Most of these mountains are protected in the Tasman Fracture and Huon marine parks.
"We surveyed 45 seamounts in total, and criss-crossed seven in detail," voyage chief scientist Alan Williams of CSIRO said in a statement.
The team found all manner of underwater creatures including bioluminescent squids, ghost sharks, deep-water sharks and basketwork eels.
"We now have a huge body of data on the animals that live on seamounts and how their communities change with depth, and have a much broader picture of what lives on habitats adjacent to the seamounts," Dr Williams said.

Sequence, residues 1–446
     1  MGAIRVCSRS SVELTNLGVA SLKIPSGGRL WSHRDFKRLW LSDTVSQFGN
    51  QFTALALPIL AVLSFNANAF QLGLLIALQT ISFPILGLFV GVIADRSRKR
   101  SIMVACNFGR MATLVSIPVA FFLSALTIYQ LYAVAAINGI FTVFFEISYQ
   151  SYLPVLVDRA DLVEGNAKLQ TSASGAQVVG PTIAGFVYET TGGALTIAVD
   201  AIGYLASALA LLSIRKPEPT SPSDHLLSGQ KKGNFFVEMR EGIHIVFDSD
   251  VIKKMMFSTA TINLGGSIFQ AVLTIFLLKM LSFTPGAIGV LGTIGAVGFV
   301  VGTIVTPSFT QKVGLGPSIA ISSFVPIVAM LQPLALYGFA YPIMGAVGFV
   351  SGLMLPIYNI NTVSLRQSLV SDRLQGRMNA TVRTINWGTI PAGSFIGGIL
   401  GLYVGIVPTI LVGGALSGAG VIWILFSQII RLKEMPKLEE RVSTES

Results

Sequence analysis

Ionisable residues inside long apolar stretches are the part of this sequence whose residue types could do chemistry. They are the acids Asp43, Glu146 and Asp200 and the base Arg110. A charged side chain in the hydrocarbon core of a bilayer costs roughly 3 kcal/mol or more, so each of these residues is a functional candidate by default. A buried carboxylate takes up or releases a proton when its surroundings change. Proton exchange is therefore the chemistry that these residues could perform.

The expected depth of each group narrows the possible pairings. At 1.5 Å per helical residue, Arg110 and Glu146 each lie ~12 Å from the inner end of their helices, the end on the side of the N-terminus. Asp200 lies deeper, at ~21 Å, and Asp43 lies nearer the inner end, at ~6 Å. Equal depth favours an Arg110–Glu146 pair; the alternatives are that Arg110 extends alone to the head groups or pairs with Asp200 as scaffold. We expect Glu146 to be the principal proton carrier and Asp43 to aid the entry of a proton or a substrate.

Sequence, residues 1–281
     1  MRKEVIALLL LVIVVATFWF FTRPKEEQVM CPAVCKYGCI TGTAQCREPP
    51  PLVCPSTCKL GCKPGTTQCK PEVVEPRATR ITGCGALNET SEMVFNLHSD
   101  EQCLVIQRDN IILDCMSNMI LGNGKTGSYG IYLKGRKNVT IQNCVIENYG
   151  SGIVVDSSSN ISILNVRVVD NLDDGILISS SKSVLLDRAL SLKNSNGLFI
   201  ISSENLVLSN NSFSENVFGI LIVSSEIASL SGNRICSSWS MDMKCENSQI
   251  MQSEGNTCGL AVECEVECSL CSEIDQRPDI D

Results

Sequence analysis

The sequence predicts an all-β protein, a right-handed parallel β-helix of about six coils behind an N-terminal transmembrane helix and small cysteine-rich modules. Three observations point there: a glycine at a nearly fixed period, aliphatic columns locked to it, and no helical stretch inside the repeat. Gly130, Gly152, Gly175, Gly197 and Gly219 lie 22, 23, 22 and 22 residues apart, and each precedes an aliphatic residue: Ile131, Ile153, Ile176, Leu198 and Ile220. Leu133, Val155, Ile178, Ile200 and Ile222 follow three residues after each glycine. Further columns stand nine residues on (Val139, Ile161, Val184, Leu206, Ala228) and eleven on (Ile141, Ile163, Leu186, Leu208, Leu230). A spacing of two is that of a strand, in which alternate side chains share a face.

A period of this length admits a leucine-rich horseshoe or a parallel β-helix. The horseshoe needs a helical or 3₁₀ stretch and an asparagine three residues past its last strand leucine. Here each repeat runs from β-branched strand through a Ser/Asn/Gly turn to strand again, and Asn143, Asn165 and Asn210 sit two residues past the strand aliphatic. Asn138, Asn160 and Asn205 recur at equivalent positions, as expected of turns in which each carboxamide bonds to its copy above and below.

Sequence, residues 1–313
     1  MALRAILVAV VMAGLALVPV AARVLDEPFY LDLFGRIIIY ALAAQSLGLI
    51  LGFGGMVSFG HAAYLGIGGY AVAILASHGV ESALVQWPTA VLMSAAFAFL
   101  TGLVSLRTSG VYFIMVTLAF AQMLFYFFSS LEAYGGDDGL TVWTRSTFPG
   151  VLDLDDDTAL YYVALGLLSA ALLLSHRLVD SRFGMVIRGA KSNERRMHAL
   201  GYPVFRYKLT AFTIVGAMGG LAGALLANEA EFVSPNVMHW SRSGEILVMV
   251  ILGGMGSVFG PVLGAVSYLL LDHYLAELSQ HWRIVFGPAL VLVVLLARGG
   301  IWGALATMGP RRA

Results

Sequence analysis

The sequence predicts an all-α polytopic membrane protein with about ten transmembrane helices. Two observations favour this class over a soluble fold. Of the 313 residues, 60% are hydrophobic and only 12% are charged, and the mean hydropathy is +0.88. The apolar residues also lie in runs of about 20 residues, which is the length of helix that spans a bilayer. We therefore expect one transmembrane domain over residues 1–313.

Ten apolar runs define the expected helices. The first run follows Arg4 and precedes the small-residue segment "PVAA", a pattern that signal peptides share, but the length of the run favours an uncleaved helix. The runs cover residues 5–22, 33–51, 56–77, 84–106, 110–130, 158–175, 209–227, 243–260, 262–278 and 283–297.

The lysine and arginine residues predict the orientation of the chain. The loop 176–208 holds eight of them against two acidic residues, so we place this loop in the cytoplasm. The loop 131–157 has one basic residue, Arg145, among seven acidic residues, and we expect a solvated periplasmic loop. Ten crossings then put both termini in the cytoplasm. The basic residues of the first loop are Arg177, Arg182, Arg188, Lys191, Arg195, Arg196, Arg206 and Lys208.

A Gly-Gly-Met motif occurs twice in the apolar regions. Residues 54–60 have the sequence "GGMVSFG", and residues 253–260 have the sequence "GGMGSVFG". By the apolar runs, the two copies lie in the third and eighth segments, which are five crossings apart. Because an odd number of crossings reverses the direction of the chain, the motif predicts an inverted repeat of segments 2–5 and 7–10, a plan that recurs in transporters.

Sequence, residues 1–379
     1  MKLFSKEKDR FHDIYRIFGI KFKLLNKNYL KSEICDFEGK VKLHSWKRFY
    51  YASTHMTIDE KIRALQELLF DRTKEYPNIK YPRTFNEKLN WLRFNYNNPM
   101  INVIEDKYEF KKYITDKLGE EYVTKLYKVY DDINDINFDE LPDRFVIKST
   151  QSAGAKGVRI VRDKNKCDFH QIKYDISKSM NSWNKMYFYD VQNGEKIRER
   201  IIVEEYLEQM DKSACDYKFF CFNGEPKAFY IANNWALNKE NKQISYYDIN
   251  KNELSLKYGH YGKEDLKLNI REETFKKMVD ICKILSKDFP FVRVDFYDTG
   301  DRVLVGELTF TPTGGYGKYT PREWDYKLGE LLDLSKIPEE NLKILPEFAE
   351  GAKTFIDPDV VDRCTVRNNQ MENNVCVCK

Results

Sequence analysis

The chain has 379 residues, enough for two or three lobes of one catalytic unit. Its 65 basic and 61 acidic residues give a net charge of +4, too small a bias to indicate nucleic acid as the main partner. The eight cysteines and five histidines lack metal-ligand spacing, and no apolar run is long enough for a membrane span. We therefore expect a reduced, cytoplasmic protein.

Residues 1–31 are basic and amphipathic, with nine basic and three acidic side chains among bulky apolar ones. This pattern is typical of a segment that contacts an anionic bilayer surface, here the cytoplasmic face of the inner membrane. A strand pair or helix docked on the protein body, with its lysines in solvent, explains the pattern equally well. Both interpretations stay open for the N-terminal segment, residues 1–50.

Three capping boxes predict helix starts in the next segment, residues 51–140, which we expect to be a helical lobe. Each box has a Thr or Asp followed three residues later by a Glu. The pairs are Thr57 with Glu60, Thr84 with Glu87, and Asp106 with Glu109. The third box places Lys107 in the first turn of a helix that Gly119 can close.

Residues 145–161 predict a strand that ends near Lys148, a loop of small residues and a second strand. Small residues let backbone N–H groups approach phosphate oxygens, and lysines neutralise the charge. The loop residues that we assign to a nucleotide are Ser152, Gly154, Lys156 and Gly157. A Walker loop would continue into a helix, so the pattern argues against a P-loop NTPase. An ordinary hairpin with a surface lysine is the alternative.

Source: NESP Marine Biodiversity Hub
And he said while it will "take months to fully analyse the coral distributions, we have already seen healthy deep-sea coral communities on many smaller seafloor hills and raised ridges away from the seamounts".
"This means that there is more of this important coral reef in the Huon and Tasman Fracture marine parks than we previously realised."
Head of Parks Australia's Marine Protected Areas Branch Jason Mundy said "research voyages such as these are critically important to helping us understand, appreciate and protect Australian marine parks".
"The images from this voyage remind us what extraordinary and diverse environments we are protecting in these special places."